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I'm looking for an equivalent function to Windows' CommandLineToArgvW.

I have a string, which I want to break up exactly the way bash does it, with all the corner cases - i.e. taking into account single and double quotes, backslashes, etc., so splitting a b "c'd" "\"e\"f" "g\\" h 'i"j' would result into:


Since such a function already exist and is used by the OS/bash, I'm assuming there's a way to call it, or at least get its source code, so I don't need to reinvent the wheel.


To answer why I need it, it has nothing to do with spawning child processes. I want to make a program that searches text, watching for multiple regular expressions to be true in whatever order. But all the regular expressions would be input in the same text field, so I need to break them up.

share|improve this question
The first thought that occurs to me is: do you need to? What are you using this for? – John Kugelman Nov 20 '12 at 19:58
I'm trying to make a text search program, where you input multiple regular expressions in the same field. Instead of inputting them at separate boxes, you input all at once, but they are broken up according to those rules. Since backslashes and special characters matter in regex, I need them to be taken into account. – sashoalm Nov 20 '12 at 20:02
That might not be the best way to handle multiple regexes since regexes often contain spaces and quotes. I would be confused having regexes parsed with shell quoting rules. Perhaps you can have them delimited by slashes like many languages do, e.g. /foo bar.*/ /baz*/. – John Kugelman Nov 20 '12 at 20:12
Yes, but most commonly (like 99%) the regexes would in fact be plain words separated by spaces. The regex is just a very advanced option. It would be much more natural for the most common case to just type words separated by spaces. – sashoalm Nov 20 '12 at 20:15
@satuon You probably don't want it to behave "exactly like bash", because bash does it in a fairly surprising way (for example, you can't use backslash inside of single quotes to quote a single quote). You say that such a function already exists, but as I mention, Bash implements something that does a lot more than just string splitting. You are probably going to want to just implement the parser yourself. – Brian Campbell Nov 20 '12 at 20:17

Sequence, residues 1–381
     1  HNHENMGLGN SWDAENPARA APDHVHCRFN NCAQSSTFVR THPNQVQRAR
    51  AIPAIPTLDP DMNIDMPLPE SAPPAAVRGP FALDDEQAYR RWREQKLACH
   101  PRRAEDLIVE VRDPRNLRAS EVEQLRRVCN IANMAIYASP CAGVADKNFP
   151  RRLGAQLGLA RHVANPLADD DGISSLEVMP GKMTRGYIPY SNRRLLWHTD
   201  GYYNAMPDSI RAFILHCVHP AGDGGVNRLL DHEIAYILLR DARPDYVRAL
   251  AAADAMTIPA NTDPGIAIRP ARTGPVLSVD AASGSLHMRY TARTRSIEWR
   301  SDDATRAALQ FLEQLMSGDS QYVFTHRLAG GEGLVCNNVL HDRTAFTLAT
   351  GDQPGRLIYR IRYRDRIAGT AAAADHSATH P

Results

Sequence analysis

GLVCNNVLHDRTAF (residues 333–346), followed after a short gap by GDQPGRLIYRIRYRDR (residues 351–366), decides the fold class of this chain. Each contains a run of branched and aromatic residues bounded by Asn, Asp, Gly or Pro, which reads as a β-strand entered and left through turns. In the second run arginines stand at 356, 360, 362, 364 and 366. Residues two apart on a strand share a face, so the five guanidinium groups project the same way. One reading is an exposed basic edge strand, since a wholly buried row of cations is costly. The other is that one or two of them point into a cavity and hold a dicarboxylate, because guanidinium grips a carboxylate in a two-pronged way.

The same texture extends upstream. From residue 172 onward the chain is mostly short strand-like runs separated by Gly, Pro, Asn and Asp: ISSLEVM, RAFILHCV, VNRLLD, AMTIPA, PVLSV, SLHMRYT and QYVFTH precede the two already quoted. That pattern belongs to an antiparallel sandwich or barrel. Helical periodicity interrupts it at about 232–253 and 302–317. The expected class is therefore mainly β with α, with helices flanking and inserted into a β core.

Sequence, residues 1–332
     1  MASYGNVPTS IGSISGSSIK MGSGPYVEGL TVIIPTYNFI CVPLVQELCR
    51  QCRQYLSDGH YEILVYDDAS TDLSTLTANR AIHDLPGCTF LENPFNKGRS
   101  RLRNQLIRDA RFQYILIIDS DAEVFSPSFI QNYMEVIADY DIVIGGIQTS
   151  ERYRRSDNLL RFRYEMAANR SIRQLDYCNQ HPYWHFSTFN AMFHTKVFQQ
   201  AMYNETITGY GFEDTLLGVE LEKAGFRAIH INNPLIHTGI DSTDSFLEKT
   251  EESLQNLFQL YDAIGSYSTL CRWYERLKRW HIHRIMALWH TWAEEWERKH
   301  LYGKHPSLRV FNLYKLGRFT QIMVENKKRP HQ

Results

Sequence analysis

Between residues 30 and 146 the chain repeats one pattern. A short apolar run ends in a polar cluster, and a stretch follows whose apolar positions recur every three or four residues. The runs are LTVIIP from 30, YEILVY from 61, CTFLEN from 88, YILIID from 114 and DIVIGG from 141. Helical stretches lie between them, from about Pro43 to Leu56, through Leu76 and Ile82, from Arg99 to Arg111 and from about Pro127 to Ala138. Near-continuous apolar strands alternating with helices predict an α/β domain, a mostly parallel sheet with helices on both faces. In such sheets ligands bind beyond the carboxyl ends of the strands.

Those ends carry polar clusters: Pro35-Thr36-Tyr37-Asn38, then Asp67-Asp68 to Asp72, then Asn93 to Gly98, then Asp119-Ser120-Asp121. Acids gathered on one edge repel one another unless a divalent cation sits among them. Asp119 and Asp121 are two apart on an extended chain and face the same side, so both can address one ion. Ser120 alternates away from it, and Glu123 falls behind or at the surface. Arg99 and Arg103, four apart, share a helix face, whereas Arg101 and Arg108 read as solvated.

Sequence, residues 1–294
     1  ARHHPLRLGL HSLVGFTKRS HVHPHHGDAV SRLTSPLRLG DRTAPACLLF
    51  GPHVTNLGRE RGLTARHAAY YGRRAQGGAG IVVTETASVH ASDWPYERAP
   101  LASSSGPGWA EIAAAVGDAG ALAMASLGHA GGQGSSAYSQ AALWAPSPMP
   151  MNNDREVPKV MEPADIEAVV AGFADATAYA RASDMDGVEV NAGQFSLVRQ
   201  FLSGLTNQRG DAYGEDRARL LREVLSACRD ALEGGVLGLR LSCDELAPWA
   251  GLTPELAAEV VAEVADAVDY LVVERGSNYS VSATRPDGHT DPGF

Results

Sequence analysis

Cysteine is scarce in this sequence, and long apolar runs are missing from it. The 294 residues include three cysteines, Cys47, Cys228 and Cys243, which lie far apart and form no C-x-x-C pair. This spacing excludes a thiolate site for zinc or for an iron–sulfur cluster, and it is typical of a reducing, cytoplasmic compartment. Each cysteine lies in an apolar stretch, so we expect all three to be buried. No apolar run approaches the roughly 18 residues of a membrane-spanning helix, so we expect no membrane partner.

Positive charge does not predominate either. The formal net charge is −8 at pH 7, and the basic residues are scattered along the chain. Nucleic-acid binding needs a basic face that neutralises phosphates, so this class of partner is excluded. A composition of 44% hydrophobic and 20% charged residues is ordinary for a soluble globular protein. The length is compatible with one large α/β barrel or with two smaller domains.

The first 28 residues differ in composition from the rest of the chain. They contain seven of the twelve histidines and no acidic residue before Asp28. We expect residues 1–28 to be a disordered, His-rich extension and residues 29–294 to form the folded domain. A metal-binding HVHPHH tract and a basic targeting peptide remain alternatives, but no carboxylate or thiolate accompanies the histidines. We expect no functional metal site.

up vote 2 down vote accepted

GNU/Linux is made of free software and bash is free software, so you can get the source code and improve it (and you should publish your improving patches under GPL license).

But there is no common library doing that, because it is the role of the shell to expand the command line to arguments to the execve(2) syscall (which then go to the main of the invoked program).

(this was different in MS-DOS, where the called program had to expand its command line)

The function wordexp(3) is close to what you may want.

You may want to study the source code of simpler shells, e.g. download sash-3.7.tar.gz

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If you want it to expand a string exactly the way Bash does, you will need to run Bash. Remember, Bash does parameter expansion, command substitution, and the like. If it really needs to act exactly like Bash, just call Bash itself.

FILE *f = popen("bash", "r+");
fprintf(f, "echo %s", your_string);
fgets(buffer, sizeof(buffer), f);

Note that real code would need to handle errors and possibly allocating a bigger buffer if your original is not large enough.

Given your updated requirements, it sounds like you don't want to parse it exactly like Bash does. Instead, you just want to parse space-separated strings with quoting and escaping. I would recommend simply implementing this yourself; I do not know of any off the shelf library that will parse strings exactly the way that you specify. You don't have to write it entirely by hand; you can use a lexical scanner generator like flex or Ragel for this purpose.

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I'll try, but this kind of string parsing usually has many corner cases, which means many potential bugs. That's why I wanted to use proven code. – sashoalm Nov 20 '12 at 20:29
@satuon You don't have to do it entirely by hand. You could use a parser generator. For this simple task, Ragel, a state machine generator, would probably work well. – Brian Campbell Nov 20 '12 at 20:31

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